Auburn's Carl Lawson with the stop of Derrick Henry
By Charles Goldberg
AUBURN, Ala. -- Coach Gus Malzahn said he was proud of his players' effort and happy his defense gave Auburn a chance to win the Iron Bowl on Saturday. But when that didn't happen, Malzahn talked of painting the big picture.
"We'll focus on some recruiting the next couple of weeks," he said. "Our guys will finish their finals. Then we'll kind of flip the page and start thinking about bowl season and getting our guys extra practice time.
"It's very important developing your depth and those young guys. That will be a good thing."
Alabama beat Auburn 29-13 in Jordan-Hare Stadium on Saturday, though the Tigers led after the first quarter and trailed by six after the second and third quarters in a game dominated by seven field goals.
Auburn left waiting to hear which bowl it will play in, something that will officially be announced next Sunday.
"We're always going to win, lose or draw with class. That's how we look at it," Malzahn said.
Malzahn said his defense kept the Tigers in the game.
"They held them to a lot of field goals and gave us a chance in that fourth quarter," he said.
It wasn't always easy this season. There were injuries, starting in the first game, and they continued, including losing tackle Avery Young in the first half Saturday.
"A lot of our leaders got hurt this year. A lot of our key players got hurt," said running back Peyton Barber. "We had a lot of things go wrong. But that's how the cards play."
The Iron Bowl was like some of the other games, like the seven-point loss to Georgia and the eight-point losses to Mississippi State, Arkansas and Ole Miss. Alabama won by double figures after scoring a touchdown with 26 seconds left.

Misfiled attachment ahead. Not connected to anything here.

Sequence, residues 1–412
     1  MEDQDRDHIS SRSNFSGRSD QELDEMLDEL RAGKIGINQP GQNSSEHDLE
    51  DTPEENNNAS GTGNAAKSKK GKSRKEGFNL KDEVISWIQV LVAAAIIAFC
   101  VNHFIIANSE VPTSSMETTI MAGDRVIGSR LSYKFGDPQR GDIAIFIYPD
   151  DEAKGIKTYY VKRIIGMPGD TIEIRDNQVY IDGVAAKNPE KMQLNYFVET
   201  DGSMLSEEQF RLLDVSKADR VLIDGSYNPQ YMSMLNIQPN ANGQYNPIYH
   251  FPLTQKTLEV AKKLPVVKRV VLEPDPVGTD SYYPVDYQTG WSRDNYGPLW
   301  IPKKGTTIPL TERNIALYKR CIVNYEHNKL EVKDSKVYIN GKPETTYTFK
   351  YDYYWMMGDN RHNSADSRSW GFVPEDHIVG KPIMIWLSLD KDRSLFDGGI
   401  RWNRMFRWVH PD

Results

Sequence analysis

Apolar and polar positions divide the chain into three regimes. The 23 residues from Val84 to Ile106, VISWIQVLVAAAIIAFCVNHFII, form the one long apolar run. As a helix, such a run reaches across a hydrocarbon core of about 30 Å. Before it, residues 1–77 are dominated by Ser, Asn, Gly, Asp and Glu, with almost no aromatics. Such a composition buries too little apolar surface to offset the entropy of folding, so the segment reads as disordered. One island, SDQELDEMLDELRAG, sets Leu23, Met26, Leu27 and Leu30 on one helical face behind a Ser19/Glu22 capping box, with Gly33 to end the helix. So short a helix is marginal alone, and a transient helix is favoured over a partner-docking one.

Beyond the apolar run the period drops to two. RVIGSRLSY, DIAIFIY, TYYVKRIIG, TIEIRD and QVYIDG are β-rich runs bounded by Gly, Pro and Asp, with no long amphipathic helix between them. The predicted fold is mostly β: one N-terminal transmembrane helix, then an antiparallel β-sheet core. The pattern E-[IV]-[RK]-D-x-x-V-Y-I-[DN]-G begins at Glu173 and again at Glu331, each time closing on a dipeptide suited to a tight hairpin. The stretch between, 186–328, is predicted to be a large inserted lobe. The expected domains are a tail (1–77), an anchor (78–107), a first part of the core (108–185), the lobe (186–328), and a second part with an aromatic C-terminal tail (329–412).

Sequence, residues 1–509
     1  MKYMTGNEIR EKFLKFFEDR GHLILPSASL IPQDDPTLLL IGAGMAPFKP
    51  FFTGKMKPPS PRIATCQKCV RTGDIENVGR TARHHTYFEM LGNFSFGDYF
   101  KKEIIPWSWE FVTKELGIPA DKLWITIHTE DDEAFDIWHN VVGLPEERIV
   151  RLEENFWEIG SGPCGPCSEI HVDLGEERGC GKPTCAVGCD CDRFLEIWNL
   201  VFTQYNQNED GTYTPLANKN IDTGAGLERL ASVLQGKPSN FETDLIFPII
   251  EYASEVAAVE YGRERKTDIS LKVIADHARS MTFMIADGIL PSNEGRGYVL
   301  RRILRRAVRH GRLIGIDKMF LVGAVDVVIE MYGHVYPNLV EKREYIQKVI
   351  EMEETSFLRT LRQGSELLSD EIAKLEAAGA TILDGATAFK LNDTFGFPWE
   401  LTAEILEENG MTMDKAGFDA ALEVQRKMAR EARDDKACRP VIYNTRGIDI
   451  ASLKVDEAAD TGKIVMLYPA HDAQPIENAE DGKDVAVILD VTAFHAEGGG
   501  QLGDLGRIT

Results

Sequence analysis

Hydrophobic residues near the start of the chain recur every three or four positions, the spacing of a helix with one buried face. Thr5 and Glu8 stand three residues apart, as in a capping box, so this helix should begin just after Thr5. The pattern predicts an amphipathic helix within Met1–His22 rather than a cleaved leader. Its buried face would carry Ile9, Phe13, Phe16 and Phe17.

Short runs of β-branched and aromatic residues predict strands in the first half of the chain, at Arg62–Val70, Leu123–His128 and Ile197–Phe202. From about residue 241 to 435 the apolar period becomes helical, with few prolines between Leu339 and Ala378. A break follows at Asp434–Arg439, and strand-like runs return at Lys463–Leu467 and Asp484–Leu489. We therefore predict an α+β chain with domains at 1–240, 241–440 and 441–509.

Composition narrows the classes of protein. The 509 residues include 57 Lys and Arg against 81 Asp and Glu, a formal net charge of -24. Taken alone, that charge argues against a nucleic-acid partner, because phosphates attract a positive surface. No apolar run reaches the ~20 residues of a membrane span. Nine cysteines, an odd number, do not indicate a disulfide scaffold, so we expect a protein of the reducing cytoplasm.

"I know is our guys fought their guts out," said offensive coordinator Rhett Lashlee. "We had opportunities. We ran the ball very well in the first half."
Alabama's run defense, considered one of the best around, was an obstacle. And so was losing Young.
"It hurt our run plan a little bit losing Avery," Lashlee said. "That hurt our tight end sets, and we had success running the ball with our tight end sets in the first half.
"At the end of the day, our defense was fighting their butt off.
"Offensively, our kids played so hard. We just came up a few plays short."
Lashlee said he was "extremely proud" of quarterback Jeremy Johnson, who teamed with Jason Smith for a 77-yard touchdown pass that was the play of the game for Auburn.
"He knows he missed some throws. He also made a lot of plays," Lashlee said. "He protected the football with the exception of that last desperation play. We just didn't make enough plays. But with what all he's been through this year, and the way the season started and went for him, for him to come back and play in these last four games, and to compete the way he did, and not let all the stuff get to him, he's done some things that will help him down the road in life, and I'm really proud of him."
Charles Goldberg is a Senior Writer at AuburnTigers.com. Follow him on Twitter: Follow @AUGoldMine